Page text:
Tuesday, 13 December 2011

Up in the Air

You know about how when you need to get somewhere real far in a hurry..dear reader, the Indian Railways, that epitome of punctuality just doesn't do it for you. So, in this country, we usually take a flight, which means we can stare at pretty airhostesses, get some free food, and get to look at the Earth at impossible angles from the horizontal. Flying is a thrill, no matter which airlines you choose, primarily because you're so used to the railways, getting anywhere in under 4 hours without cockroaches crawling out of your seat seems luxurious. And flying, apparently is also a very very bad business decision, judging by the airlines in our country.

Which begs the question: Why do so many businessmen invest so much into airlines. I mean, all those shiny new jets cost money, don't they. GoAir, owned by Jehangir Wadia, who incidentally also owns a biscuit company many of you may have heard of, Britannia, has placed an order worth $.7.2 billion for new aircraft, and a few biscuits on the side. This is not a small amount of money to invest in anything, and when all else is considered, money could generate much better returns if invested in something else, or maybe given to Ivan Boesky. The point is, why, if airlines are dropping left, right and center out of the sky, do businessmen still insist on starting new ones, at tremendous losses to their pocket and their image. Are the problems faced by most airlines congenital? or are they the victim of some massive government lapse in policy?

Well, the reason, dear reader, why you can still catch a flight to Aizawl(not that you would want to, of course), is because you want to, and can afford to. It's as simple as that. You see, Indian flyers have a threshold value, set ticket prices higher, and no one will fly. Set ticket prices at the threshold level though, and all of a sudden you have waay too many fliers. It is the flirtation with fares that has proved most dangerous to the airlines. Sure, they may blame rising fuel prices, a weaker rupee, lack of government support..and little green men. The only reason that most airlines got into this industry was because they thought they could hit that threshold value of fares, and thus see a mindboggling volume of customers, which would, in turn compensate for the extremely low fares that they would be charging.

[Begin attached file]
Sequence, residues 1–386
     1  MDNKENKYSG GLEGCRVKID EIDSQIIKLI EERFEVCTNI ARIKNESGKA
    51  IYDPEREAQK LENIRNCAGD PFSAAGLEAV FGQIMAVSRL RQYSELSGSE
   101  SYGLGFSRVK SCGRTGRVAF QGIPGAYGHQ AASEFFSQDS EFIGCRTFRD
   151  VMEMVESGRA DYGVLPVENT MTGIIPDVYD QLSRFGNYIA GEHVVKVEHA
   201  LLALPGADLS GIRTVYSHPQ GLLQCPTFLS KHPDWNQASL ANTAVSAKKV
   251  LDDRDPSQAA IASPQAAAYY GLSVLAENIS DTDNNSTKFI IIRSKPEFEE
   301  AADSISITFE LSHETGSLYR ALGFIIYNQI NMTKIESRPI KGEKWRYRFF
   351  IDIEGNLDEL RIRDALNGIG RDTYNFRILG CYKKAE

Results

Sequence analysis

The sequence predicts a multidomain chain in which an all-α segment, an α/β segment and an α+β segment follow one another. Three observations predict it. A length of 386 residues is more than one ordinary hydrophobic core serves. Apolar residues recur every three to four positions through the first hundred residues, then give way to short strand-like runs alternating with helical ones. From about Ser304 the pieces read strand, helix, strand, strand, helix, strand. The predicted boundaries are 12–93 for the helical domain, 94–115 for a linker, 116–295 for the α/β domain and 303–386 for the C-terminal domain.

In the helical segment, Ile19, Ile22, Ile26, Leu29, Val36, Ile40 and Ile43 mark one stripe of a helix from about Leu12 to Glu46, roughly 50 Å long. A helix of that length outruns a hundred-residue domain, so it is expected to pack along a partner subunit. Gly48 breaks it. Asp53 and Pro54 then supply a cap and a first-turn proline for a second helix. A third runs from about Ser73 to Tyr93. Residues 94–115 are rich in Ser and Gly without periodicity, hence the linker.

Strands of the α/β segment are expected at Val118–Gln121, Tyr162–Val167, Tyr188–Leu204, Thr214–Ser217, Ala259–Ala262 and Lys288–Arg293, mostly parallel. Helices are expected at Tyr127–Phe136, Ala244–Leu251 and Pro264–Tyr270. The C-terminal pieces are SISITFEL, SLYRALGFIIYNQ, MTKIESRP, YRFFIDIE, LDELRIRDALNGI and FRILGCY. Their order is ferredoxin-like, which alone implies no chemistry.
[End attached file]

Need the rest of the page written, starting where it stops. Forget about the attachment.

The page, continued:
A threshold is a dangerous thing though. If you put fares any lower than they need to be, the impact on the bottom line would be catastrophic. And especially if you do it in the middle of a customer slump, and rising competition. Yes, the government of India isn't very supportive either, in fact, it has its hands full with a certain Air India, which makes losses of Rs 5500 crore a year, or about a lakh rupees a minute(yes..that fucking much!!), which of course, wouldn't have got into this whole mess if it would just close down and pay its employees off for the remaining of the year(it would lose only Rs 3000 crore then). And well, maybe it shouldn't have ordered $9 billion of aircraft either, that might have saved it some Rs 45000 crore. But, hey, let not point fingers here.

As long as India has a population, and as long as businessmen have startup capital, airplanes will continue to fly in this country. There is nothing as seductive as the dream of seating a billion butts in flights, nor anything as lucrative. Thank God for airhostesses...


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